Max Higbee Center helps disabled youth and adults recreate
F or more than three decades, the Max Higbee Center has been committed to providing recreational services to developmentally disabled youth and adults. Western Washington University professor Max Higbee, recognizing a recreation gap for developmentally disabled people in the community, started an informal program that in 1984 became a nonprofit organization soon renamed for its founder.
Since then, the programs and support from the community have continued to grow, said executive director Kait Whiteside. The mission of the center is to provide an environment for members to recreate just like anyone else would. “The center is a place where members can just be themselves, have fun, and be social,” Whiteside said.
Like a gym, members pay a small fee for classes, which the organization will waive for those with financial constraints, and have access to recreationally focused activities Monday through Saturday. “Programs are choice-based to stay true to recreation. Everyone decides how they recreate in their own lives,” Whiteside said.
Monday through Friday, the center offers several daytime programs. The Skill Share Program is every Monday, Wednesday, and Friday from 10 a.m. to 2 p.m. and is targeted to building new skills for members. Volunteers, staff, and members themselves spend the class period teaching their own skills to members. “The Skill Share Program is about lifelong education, which is important for everyone,” Whiteside said. Each weekday afternoon features the Community Access Program. Members get to engage with the community through trips to the library, farmers market, the co-op, and just about anywhere else of interest. One of the newest programs is the Recreation Mentor Program. Participating members are paired with a mentor, a Higbee staff member, for an individualized experience. “This program is great because it services the less social members with really specific support. It allows us to reach and serve more people,” Whiteside said.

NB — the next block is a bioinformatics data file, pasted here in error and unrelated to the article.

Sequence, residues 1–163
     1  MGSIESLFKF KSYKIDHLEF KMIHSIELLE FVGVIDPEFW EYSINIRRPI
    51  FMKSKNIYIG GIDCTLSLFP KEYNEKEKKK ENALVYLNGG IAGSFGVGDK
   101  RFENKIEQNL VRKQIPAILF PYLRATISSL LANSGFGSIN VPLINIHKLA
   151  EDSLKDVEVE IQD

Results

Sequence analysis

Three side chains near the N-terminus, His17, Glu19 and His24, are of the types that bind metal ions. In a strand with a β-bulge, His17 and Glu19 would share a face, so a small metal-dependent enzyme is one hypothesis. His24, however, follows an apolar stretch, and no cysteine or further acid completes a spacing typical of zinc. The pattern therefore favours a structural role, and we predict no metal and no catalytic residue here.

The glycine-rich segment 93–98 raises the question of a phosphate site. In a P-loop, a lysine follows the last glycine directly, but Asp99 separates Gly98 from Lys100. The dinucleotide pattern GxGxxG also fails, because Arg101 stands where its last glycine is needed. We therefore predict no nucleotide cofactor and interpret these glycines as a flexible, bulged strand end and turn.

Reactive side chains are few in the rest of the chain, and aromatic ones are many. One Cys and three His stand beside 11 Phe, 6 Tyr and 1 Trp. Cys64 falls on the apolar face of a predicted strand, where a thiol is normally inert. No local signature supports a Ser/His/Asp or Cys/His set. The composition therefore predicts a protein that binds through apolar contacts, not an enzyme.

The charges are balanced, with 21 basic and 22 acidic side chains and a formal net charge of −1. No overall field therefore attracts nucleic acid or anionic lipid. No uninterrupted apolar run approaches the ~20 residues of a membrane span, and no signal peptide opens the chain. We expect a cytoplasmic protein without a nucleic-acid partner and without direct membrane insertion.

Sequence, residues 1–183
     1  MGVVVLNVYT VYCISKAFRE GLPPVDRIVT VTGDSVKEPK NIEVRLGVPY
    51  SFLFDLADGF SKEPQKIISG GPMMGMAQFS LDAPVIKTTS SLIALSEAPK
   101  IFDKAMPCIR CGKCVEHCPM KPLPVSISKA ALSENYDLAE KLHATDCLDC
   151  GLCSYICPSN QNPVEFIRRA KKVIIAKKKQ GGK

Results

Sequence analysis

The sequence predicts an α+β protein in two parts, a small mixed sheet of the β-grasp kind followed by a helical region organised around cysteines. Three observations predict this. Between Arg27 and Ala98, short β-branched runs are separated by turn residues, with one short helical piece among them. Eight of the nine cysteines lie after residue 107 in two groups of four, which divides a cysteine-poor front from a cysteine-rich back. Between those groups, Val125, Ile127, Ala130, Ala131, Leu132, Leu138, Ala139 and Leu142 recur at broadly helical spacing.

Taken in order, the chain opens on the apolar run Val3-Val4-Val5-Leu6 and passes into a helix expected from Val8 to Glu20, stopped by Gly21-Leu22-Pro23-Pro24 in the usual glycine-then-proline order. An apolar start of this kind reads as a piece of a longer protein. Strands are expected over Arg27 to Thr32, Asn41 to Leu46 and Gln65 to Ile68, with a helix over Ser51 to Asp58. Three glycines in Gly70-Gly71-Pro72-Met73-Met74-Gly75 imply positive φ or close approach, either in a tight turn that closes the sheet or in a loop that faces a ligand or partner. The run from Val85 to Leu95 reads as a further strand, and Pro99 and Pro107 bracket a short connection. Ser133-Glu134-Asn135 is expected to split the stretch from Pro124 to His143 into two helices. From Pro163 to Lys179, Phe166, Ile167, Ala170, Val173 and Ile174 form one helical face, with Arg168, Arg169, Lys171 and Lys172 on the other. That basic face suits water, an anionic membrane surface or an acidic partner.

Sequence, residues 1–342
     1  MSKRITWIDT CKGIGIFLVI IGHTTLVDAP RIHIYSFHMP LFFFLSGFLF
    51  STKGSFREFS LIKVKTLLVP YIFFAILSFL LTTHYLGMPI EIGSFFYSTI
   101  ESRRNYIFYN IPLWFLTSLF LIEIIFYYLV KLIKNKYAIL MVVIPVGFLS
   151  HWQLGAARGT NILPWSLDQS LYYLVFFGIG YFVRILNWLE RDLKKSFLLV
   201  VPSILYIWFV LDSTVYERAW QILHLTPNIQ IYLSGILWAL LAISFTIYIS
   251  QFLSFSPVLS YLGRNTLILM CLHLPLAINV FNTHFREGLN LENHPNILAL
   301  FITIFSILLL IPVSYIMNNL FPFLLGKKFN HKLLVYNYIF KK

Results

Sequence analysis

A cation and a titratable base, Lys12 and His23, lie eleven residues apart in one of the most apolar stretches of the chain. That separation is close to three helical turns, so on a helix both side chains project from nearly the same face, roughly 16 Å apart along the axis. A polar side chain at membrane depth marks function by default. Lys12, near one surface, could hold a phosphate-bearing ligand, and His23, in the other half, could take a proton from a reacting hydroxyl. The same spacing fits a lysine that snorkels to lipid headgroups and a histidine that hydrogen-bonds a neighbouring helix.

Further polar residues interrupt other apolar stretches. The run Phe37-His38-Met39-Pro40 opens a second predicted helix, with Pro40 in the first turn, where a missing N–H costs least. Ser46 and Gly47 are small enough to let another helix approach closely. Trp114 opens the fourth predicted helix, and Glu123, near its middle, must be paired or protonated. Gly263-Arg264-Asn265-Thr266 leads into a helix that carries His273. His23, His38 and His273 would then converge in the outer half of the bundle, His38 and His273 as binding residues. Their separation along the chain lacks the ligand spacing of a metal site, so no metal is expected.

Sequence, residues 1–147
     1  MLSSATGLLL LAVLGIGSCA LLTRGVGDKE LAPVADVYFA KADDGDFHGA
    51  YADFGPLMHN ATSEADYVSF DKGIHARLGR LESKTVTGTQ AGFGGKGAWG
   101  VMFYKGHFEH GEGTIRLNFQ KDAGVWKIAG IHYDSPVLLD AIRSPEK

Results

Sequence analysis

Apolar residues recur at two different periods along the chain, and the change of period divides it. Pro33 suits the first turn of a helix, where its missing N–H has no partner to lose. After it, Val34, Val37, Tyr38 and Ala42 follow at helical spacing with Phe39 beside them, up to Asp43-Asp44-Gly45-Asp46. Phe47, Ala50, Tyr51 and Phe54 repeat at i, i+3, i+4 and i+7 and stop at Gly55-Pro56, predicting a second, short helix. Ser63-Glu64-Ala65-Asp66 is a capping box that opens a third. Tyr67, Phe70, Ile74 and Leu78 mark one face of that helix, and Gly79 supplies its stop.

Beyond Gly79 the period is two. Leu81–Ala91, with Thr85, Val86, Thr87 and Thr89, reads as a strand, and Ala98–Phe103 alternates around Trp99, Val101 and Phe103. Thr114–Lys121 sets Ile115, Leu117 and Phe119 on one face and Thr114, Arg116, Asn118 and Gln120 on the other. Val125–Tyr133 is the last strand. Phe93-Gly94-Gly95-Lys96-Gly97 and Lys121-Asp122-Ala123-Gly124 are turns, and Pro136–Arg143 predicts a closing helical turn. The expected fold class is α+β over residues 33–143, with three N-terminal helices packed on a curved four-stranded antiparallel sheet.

While staff are present in every class, Whiteside said the organization strongly encourages volunteers to lend a helping hand. The staff prefer volunteers to commit to at least two or three months of coming into classes on a regular basis. Volunteers can simply drop into classes whenever it works with their schedule, Whiteside said. “Volunteers are great because they add another new face,” Whiteside said.
The center gets its funding from government grants, donations, Washington’s Department of Social and Health Services and membership fees. But an important (and popular) fundraiser is the center’s annual April Brews Day. More than half of the organization’s budget comes from the event, Whiteside said. April Brews Day began 16 years ago with only Boundary Bay brewery, but it has mushroomed since. When the event is held April 29th in the Bellingham Depot Market Square, it will feature about 65 breweries, Whiteside said. If that much beer isn’t enough of a draw, the event also hosts local musicians and food vendors.
Looking beyond the brews and the valuable service the center provides, Whiteside said she hopes that one day the community will no longer need an organization like the Max Higbee Center. Recreation for everyone should be an inherent part of the community, not something an organization is responsible for, Whiteside said. “I think recreation, friendship, and community are such a major part of life. They shouldn’t be privileges. They should be rights.”
1210 Bay St. #120, Bellingham 360.733.1828 | www.maxhigbee.org